Saturday, 1 May 2021
Remember 1999? A long time ago, wasn't it? I was 22; I had a head full of dreams (if not hair); I was yet to meet my wife while I shared a house with my brother, worked in a record shop and spent my free time writing books and short stories that I was convinced would sell the first time I sent them anywhere.
They did not.
Since I submitted my first work to agents in 1999, I've written twenty-one books, more shorts than I can recall and had rejections literally in four figures. I've self-published a couple of books and had a few published by indies. The record shop is as long gone as my hair, but not my dreams.
Cut to 2021.
After twenty-two years, I'm now represented by a literary agency. As of yesterday, I have signed with The Liverpool Literary Agency on the back of what I'm calling a speculative thriller. The idiot kid I was back in '99 can't quite believe this any more than the slightly less of an idiot adult I am now. In any case, I've got a book to edit prior to it going out on submission and another which needs a fresh draft. I best get cracking.
Friday, 2 April 2021
Thrilled to say that the prequel to The Mirror Of The Nameless is now out in paperback and Kindle (for the bargain price of 77p for a limited time). I've had so much fun with these books and can't wait for the third and final part to be out hopefully late summer. So, here's The Day Of The New Gods. Remember, that low price won't stay forever, so get it while it's cheap.
Thursday, 4 March 2021
Been a little while since I last blogged which has taken me by surprise. The first couple of months of this year have fallen into a routine for me - working from home, writing, staying up too late to watch Netflix and then repeat the next day. There doesn't appear to be much end in sight to that no matter what the UK governemt says about key dates. We'll see where things go, I guess.
In other news, I've written the first draft of a new book which I'm pretty happy about as it's the first time in close to twenty years I've written without an outline. I had an idea, a character and wanted to see where both would go if I didn't know what was coming beyond the next couple of pages. As most first drafts are terrible (mine, certainly), it's crap with glimpses of something decent in there. It'll take a lot of work to get into shape, but I've got the time.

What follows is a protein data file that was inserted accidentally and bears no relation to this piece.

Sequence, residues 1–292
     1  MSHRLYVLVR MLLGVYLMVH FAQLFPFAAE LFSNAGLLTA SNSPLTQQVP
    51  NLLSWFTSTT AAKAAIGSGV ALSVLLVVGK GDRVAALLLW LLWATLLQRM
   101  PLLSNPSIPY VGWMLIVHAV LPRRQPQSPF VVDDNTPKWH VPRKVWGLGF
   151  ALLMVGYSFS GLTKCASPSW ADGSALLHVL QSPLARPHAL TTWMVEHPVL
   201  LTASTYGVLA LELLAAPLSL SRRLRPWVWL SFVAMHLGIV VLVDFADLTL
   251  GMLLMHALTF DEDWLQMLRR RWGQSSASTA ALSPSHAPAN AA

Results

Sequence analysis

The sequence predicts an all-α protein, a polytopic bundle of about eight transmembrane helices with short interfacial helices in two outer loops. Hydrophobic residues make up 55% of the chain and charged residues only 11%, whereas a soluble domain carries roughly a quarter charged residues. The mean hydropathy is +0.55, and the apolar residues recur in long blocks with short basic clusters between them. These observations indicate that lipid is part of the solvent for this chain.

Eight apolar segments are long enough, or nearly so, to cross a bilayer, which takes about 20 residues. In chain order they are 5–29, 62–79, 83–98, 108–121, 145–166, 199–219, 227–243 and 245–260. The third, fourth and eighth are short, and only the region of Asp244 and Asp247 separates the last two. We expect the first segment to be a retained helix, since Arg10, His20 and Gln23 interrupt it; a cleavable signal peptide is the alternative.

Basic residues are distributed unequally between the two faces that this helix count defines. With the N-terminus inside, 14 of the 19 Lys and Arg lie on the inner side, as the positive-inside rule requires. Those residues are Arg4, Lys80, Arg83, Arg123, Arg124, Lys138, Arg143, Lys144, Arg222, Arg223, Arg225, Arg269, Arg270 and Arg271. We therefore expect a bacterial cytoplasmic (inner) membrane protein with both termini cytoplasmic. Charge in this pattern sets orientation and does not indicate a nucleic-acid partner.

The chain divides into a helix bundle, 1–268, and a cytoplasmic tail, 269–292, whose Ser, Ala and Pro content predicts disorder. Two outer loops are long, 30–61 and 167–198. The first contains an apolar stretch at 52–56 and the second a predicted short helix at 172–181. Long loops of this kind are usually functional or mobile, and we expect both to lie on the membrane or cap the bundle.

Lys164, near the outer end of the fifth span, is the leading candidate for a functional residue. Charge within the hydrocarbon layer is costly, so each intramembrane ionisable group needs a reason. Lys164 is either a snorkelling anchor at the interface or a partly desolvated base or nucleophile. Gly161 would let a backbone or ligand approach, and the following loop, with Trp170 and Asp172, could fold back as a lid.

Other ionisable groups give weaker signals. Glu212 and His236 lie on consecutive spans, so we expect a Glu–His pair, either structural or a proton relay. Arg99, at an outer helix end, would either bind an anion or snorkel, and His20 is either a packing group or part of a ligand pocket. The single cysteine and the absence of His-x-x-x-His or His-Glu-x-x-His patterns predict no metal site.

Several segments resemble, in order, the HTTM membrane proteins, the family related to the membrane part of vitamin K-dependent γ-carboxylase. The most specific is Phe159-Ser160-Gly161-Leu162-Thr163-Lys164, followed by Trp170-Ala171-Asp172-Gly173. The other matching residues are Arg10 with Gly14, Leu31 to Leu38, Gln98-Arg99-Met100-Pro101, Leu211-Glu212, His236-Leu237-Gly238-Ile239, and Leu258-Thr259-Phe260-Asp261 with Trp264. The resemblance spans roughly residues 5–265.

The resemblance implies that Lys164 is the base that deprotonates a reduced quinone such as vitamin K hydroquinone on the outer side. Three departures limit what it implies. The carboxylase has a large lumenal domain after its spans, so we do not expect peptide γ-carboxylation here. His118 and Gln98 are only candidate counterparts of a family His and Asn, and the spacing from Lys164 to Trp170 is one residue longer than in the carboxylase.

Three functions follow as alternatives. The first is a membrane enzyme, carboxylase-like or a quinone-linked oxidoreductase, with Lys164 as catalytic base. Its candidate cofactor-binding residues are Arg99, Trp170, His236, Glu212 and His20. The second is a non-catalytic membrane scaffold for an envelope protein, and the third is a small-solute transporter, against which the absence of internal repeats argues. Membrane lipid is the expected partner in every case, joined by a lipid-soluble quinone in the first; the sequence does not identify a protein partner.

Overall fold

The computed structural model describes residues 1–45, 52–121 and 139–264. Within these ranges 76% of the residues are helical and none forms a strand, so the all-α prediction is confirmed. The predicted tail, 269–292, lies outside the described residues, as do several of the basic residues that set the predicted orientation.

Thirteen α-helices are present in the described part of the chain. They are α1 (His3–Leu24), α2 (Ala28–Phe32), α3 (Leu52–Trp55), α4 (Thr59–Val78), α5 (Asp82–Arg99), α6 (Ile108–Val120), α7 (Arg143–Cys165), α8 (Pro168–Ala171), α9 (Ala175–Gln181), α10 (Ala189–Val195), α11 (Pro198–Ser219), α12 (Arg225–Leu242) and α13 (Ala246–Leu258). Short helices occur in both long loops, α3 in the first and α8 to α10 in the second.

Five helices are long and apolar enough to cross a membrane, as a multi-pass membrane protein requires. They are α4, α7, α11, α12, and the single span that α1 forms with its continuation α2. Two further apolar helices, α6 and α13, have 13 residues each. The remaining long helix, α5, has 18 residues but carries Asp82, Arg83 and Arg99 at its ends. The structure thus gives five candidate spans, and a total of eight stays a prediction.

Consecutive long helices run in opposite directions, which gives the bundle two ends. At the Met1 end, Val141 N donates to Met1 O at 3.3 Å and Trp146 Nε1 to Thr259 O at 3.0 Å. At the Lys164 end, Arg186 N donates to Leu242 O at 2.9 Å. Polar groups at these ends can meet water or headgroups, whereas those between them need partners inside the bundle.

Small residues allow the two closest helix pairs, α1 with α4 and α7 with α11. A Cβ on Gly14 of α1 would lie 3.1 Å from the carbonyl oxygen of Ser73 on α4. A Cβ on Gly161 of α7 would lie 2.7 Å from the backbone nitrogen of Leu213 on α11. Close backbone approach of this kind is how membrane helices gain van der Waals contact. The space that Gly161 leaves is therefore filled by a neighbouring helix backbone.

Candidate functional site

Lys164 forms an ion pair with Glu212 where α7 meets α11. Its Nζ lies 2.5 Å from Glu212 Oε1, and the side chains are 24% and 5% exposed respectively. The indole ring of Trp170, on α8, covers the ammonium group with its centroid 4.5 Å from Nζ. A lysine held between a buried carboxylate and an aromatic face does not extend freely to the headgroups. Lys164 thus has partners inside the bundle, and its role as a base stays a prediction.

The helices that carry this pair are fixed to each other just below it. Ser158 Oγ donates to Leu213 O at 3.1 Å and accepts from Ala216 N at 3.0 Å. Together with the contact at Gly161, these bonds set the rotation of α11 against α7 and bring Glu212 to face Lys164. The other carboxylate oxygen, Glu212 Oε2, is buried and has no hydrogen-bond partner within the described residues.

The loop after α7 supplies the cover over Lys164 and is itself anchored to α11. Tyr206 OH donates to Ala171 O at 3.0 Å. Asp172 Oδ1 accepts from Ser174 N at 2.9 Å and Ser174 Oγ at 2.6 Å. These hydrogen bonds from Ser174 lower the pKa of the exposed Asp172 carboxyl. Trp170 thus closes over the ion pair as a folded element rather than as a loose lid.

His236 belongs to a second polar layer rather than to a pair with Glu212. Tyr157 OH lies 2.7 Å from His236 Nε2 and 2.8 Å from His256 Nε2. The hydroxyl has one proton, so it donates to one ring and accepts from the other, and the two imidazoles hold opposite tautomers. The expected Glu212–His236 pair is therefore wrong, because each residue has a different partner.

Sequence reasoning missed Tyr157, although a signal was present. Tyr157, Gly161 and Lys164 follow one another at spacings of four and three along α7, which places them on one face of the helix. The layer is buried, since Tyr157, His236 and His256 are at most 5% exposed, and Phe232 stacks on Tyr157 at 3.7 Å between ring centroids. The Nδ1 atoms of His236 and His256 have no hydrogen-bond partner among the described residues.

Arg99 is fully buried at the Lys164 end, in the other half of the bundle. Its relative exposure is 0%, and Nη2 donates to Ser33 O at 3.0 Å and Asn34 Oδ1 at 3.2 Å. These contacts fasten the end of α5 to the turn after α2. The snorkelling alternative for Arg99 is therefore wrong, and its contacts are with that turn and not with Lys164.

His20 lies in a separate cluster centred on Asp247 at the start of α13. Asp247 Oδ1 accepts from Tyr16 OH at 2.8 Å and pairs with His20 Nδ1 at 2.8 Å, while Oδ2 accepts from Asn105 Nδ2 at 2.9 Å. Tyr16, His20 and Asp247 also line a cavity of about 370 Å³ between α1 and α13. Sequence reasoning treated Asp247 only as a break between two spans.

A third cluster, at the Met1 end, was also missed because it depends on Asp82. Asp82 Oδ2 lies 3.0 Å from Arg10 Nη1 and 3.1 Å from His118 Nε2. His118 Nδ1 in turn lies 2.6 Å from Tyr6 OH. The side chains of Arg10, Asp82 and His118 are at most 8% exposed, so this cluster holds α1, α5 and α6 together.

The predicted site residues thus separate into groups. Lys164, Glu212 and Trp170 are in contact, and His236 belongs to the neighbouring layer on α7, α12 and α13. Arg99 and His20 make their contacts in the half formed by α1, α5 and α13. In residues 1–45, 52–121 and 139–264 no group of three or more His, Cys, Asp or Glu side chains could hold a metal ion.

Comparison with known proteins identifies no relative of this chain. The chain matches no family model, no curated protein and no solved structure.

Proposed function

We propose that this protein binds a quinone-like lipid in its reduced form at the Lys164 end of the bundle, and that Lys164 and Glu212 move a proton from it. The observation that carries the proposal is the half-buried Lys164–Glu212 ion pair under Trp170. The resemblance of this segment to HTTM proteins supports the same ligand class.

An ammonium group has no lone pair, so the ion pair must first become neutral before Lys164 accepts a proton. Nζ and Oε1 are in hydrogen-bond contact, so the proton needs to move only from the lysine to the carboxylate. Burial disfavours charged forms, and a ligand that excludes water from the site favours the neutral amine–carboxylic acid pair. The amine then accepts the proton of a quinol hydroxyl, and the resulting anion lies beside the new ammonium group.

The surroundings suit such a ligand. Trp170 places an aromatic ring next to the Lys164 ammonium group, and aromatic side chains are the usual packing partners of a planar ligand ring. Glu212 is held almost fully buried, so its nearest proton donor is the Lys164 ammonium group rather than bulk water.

As I finished that draft yesterday, I've started work on getting The Day Of The New Gods ready for re-release next month. There's less I need to do with this one than there was with The Mirror Of The Nameless but I'm still going through it in close detail. And then there'll be the third and final part in that series. The Nameless is written; it needs a spit and a polish although it's mostly sorted. I'm aiming to have that one out in the summer. In between, I've got a few short stories to send out. Speaking of which, my short pieces The Baby Monitor and The Thing In The Loft will both be published soon at two different publishers. Hoping for good news on others. It's been a while since I've written short stories but I got the taste for them again last year and have notes for a few more jotted down.
New Gods is my main focus for March. Looking forward to revisiting my old friends. If you'd like to meet the Gods after they've been running the show for thirty years, then Mirror is the book for you. And come Day, you get to meet them on their arrival.
Expect shit to go down.
Thursday, 31 December 2020
2020 is on its way out and I doubt many people will be sad to see the back of a pretty awful year. 2019 was a nightmare for me on a personal scale while this year. . .well, if you're still here, you know the score.
Three of my books went out of print which was a big downer, to be honest. More so because I'd started work on a new tale connnected to two of those books. On the plus side, I reprinted one (The Mirror Of The Nameless) and am a couple of months away from reprinting the second with the final one following later.
I also got back into writng short pieces after leaving them for a while. I've currently got fifteen out on submission so hoping for good news in the next few weeks or months. I had two new books published (Pandemonium and The Kindred) which was sweet even if the first one came out the same week Covid meant the UK went into a national lockdown so it sank without trace.
Going into 2021, I've got the two books connected to Mirror coming along with my crime/horror Winter Graves from Hellbound. Next week, I'm starting work on a brand new book which I'm really excited about. I've often mentioned changing angles with my fiction to keep things fresh; with that in mind, this one is potentially looking like a horror/thriller rather than out and out horror. I'm also coming at it without a detailed outline. First time I've done this in best part of twenty years. Again, keeping it fresh. Or it's a terrible idea and the whole thing will crash and burn 20k in.
Lastly (and going back to the books connected to Mirror), I have the cover ready for the prequel. The Day Of The New Gods will be re-released in April. These three books are my Friday night with a few beers type books. OTT, violent, action horror. I describe Mirror as Mad Mad meets Lovecraft. Day is Lovecraft meets The Long Good Friday. I've had a blast writing all three which I hope comes across in the books.
Anyway, keep going, people. We're in for some bad times but we have to hope we can get through them bruised, not broken.